Next, Vincent argues that academic tend to define risk in a wrong-headed way. Not only are past historical returns not necessarily indicative of future returns...
Amazingly enough, there’s not much empirical “proof” as to why we should use variance as a measure of risk, yet it plays a critical role in almost all large financial transactions. It seems that academicians needed a way to quantify risk to fit mathematical models and they grabbed variance, not because it described risk very well, but because it was the best quantitative option available. But just because it is convenient, and it carries a certain intuitive appeal, doesn’t make it right.
...but this view also ignore the very subjective nature of what risk really is. If a stock has fallen by a large percentage, for example, does this represent great risk or a significant margin of safety?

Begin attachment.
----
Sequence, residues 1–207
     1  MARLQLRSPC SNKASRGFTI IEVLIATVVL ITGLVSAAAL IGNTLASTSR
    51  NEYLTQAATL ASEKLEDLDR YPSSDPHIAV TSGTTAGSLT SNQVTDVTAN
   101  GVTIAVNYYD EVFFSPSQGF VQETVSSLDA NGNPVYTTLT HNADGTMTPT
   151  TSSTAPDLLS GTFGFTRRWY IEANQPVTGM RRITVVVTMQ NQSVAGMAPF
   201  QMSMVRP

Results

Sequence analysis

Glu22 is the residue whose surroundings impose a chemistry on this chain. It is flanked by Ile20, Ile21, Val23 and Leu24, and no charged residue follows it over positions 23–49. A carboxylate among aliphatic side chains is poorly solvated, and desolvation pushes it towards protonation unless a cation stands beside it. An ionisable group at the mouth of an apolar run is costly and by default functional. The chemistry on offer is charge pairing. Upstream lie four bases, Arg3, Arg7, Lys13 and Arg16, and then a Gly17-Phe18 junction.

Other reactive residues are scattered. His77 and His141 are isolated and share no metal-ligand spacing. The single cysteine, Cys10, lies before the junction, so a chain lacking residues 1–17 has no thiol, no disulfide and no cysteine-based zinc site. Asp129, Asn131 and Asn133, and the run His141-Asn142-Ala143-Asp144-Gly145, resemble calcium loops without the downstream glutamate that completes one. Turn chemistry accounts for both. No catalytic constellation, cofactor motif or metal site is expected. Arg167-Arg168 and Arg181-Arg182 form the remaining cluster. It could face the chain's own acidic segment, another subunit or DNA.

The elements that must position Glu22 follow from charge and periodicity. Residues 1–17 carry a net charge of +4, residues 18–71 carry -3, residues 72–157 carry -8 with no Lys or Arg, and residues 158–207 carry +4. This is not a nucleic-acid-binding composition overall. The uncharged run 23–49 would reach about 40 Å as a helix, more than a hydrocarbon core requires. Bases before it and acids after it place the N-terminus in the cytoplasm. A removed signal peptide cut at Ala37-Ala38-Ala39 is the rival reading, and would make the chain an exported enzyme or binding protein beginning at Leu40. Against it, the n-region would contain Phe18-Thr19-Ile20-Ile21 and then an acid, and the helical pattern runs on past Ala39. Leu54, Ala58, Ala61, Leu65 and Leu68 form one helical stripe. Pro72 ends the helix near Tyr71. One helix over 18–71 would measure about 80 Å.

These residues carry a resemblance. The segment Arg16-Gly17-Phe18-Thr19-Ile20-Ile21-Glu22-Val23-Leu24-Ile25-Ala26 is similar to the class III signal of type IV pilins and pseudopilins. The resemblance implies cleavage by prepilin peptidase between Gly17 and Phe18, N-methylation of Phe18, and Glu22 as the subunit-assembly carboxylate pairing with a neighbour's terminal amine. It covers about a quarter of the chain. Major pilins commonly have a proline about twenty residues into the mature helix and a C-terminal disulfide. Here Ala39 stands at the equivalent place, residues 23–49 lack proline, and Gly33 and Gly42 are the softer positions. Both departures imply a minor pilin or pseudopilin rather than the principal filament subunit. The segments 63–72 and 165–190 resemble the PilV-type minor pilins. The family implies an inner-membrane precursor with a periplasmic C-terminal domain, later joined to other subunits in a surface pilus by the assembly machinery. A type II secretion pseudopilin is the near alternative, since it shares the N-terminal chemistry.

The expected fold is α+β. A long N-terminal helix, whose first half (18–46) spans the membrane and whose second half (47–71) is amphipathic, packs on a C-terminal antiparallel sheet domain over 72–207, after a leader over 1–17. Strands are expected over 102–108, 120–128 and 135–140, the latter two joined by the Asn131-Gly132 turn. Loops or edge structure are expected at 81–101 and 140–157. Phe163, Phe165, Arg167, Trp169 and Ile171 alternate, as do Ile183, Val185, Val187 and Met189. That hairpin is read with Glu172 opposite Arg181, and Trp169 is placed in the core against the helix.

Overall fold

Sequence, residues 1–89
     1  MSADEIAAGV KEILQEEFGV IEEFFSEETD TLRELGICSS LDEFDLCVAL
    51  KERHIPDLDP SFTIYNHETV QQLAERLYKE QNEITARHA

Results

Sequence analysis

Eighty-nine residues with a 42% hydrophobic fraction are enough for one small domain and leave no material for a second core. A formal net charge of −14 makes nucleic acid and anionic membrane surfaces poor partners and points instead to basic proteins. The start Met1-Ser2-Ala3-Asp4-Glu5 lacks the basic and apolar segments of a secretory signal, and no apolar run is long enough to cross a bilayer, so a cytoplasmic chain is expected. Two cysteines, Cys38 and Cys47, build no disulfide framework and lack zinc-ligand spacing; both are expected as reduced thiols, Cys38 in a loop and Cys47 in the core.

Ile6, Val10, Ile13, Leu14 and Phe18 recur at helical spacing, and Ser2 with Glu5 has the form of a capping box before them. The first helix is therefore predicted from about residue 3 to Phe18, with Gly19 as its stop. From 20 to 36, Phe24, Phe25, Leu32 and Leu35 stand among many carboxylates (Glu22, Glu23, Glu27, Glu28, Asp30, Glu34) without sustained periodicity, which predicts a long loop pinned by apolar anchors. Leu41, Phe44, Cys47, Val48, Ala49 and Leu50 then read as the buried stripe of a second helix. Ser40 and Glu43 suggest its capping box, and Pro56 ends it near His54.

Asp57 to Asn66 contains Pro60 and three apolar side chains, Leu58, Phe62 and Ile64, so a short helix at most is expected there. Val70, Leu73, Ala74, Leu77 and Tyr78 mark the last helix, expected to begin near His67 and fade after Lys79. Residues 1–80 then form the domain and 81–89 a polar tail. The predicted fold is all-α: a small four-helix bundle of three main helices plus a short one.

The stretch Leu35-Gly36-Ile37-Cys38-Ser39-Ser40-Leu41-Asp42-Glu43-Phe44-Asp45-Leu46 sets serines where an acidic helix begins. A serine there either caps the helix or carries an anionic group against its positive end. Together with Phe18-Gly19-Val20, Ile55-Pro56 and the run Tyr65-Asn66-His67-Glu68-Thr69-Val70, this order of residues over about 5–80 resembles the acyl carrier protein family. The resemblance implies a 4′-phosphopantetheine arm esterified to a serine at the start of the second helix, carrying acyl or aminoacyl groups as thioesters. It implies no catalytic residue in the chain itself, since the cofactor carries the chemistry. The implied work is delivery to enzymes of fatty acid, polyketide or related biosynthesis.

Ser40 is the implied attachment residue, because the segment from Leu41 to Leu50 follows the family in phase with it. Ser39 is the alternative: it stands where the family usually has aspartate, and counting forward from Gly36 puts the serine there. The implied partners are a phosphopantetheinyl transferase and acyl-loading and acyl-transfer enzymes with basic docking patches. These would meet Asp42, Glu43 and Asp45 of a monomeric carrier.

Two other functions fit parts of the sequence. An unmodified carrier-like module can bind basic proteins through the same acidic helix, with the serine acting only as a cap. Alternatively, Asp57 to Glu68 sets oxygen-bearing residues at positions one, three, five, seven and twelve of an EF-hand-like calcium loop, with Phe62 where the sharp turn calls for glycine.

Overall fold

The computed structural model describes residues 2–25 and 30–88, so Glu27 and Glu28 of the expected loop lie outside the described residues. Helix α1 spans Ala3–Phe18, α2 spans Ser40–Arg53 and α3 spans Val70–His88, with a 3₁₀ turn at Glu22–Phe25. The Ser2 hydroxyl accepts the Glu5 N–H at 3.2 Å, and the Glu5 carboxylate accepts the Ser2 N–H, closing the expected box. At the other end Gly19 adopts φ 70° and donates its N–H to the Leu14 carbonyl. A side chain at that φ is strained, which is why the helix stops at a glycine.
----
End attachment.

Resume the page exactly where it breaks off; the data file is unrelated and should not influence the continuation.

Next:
Risk is often in the eye of the beholder. While “quants” (who rely heavily on MPT) might view a stock that has fallen in value by 50 percent over a short period of time as quite risky (i.e. it has a high beta), others might view the investment as extremely safe, offering an almost guaranteed return. Perhaps the stock trades well below the cash on its books and the company is likely to generate cash going forward.
When academic studies do not back up the prevailing thoughts on the nature of risk, other studies attempt to account for new variables to fit the results to the prevailing theory, which amounts to data mining: